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Acura is still readying the ILX, which will fill the entry-level slot in the luxury brand’s lineup. (It is for now a concept, but per Acura/Honda practice, this is very close to the vehicle that will go on sale this spring.) As we mentioned last month when we first reported on the car, virtually every premium brand is busy preparing smaller models that appeal on efficiency and affordability as much as they do luxury.

Acura has a long and storied history of being an innovator since its creation in 1986. As the first luxury brand from Japan, the marque brought with it the first variable valve timing technology, the first drive by wire electronic throttle, the first in-dash navigation system and the first instance of torque vectoring all-wheel drive.

Laudable accomplishments, all of them, and Acura reaped rewards for the technological advancements it brought to the automotive realm. Venerable nameplates like Legend and Integra launched Acura into first place in the premium luxury car segment in 1987, the brand's first full year of sales.

With a dose of Acura luxury and civility, the Civic based ILX seems to be in a class by itself. The closest competitor at the moment might be Buick's Chevrolet Cruze-based Verano, at least until the Audi A3 sedan arrives in 2014. Interior appointments are upscale but not too dressy, with a dual cockpit layout that employs bright analog gauges and emphasizes driver command. The exterior styling seems sporty, but, from some angles, there is an odd sort of frumpiness. There's a hint of the bulbous Honda Accord Crosstour bustle in the rear and a shade too much overhang out front, but otherwise, it's stylish.





The 2013 Acura ILX lower crease that runs between the wheel wells is more pronounced, and the lower sills are more aggressive. Acura has ambitious plans for the 2013 Acura ILX, and hopes to sell some 40,000 units annually. The 2013 Acura ILX with most estimates putting its price tag below the $30,000 mark. Additionally, the 2013 Acura ILX will also be the most fuel efficient Acura, thanks to its hybrid option, which incidentally makes this the first Acura to feature a gasoline-electric drivetrain. Expect most 2013 Acura ILX buyers to stick with the basic engine and transmission, a 2.0-liter four cylinder mated to a conventional automatic transmission.

 

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2013 Acura ILX Interior :
In front of the driver sits a pair of gauges flanking an electronic multi-information display that can show upcoming maintenance requirements, average speed, instant and average fuel consumption or estimated range with the current fuel load. Acura says this cluster is designed to help the driver concentrate on the task of driving, while the passenger enjoys a deeply carved dash that gives the impression of space and roominess.

All the interior bits and pieces are well integrated into an overall look, and are all crafted from upscale materials. The upper dash pad is soft to the touch and offers a pleasant contrast to the metallic look of the lower dash and center stack. The steering wheel is nicely styled, with a thick rim that feels good in the hand. We were a bit put off by the sheer number of buttons on either side of the wheel, but managed to figure them all out in time.

The hybrid's 38-mpg combined average fuel economy is the top economy choice; the 2.0-liter posts 28 mpg, and the 2.4-liter hits just 25 mpg. But the 2.4-liter model's 6.9-second 0-to-60-mph time tops the 2.0-liter by nearly three seconds. And all three powertrains exceed 30 mpg on the highway.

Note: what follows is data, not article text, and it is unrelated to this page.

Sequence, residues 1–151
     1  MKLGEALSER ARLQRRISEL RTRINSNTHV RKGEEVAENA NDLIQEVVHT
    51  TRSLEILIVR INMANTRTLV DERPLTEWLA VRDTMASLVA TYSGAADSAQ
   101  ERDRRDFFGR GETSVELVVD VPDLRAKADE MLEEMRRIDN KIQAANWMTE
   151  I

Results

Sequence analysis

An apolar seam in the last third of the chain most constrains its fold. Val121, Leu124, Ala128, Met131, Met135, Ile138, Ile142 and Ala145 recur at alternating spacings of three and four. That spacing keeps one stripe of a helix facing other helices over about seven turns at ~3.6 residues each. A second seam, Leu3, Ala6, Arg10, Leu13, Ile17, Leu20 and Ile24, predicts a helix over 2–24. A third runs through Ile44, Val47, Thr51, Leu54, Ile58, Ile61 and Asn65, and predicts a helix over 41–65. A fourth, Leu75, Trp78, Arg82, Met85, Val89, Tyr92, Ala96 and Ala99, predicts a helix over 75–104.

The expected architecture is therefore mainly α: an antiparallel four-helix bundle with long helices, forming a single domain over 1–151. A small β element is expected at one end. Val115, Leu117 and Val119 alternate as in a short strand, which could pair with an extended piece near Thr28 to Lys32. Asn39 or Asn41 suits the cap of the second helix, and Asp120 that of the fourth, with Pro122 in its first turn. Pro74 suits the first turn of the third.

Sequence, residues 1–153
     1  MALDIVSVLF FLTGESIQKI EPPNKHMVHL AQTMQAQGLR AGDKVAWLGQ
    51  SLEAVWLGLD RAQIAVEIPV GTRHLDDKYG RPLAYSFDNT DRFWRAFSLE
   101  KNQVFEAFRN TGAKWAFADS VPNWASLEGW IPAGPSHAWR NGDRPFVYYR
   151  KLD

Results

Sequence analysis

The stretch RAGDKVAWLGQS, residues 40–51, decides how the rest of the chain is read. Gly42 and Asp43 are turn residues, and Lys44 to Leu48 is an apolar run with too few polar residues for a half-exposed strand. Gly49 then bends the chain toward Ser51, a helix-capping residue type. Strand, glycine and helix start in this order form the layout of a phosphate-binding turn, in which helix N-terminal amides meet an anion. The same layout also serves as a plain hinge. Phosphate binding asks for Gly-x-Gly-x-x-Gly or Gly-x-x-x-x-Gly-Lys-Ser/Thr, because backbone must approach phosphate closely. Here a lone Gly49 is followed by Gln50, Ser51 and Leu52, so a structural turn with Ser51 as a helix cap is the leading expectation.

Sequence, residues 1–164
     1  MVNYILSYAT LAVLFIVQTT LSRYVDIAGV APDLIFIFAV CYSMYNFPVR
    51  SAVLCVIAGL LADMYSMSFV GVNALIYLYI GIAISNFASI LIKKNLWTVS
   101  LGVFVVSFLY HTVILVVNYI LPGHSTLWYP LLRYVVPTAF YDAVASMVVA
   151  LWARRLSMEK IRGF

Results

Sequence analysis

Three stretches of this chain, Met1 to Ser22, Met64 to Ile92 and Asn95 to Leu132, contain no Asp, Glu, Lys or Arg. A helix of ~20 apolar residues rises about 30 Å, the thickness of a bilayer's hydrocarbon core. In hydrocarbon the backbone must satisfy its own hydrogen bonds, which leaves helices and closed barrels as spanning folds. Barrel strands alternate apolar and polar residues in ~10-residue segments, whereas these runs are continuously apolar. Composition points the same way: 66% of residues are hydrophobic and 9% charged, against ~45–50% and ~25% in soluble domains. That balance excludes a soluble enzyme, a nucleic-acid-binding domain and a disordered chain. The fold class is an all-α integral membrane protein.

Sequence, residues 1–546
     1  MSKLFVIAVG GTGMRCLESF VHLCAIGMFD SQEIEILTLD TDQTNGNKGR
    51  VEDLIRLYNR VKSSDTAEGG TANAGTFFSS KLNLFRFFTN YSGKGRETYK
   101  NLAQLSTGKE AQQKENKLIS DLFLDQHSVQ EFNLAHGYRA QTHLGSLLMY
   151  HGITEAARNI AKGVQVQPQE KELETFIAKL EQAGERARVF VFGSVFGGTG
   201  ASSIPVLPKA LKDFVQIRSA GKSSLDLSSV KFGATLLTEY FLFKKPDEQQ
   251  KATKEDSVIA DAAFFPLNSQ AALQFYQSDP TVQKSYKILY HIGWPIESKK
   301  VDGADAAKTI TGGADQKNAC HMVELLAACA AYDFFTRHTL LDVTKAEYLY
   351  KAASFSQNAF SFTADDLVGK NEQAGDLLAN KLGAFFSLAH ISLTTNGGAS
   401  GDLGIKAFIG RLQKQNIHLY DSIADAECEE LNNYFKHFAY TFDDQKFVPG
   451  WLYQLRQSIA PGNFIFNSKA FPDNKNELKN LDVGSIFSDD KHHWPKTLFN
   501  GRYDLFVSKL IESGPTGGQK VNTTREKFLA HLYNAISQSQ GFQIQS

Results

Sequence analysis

Three trim levels are offered: standard, premium and a Technology package. All are available on the 2.0-liter model, while the hybrid comes in the base standard trim or the fully equipped Technology package. The 2.4-liter comes exclusively in premium trim, which includes leather seats, a rearview camera, high-intensity-discharge headlights, fog lights and 17-inch alumi-num wheels. All models with 17-inch wheels also get active noise cancellation.



2013 Acura ILX Exterior :
The door handles on the ILX concept have been creased and shaped into a form that looks vaguely inspired by medieval weaponry, and the character line that intersects the front and rear door handle depressions on the Honda kicks up above the rear door handle on the Acura. The lower crease that runs between the wheel wells is more pronounced, and the lower sills are more aggressive. From the front, you don't have to squint too hard to make out the Civic bloodlines, but the Acura face is present and accounted for. There’s also a sharper break between the hood and fender, deeper set headlamps, and no lower grille. The concept rides on 19-inch wheels. Details on the cabin are scarce at this point, but keyless entry and start, and Acura’s various technology packages are said to be on offer.



2013 Acura ILX Performance :
The meat-of-the-market model is the 2.0-liter with a five-speed automatic, which is a perfectly acceptable option for those who have to make the autobox tradeoff. Acura expects some 75 percent of buyers will opt for this version, which offers steering-wheel shift paddles to bring some sportiness to the easy-to-drive package. It's sporty enough but hard to accept once you know how good the 2.4-liter manual car is.

The hybrid is the most fuel-efficient choice, but it's also the dullest of the ILX offerings. Between its continuously variable transmission and limited power, along with extra weight from the batteries, the car is a slug, taking 11.2 seconds to run to 60 mph. The hybrid also rides on a different suspension, tuned to handle the weight of the batteries.



 
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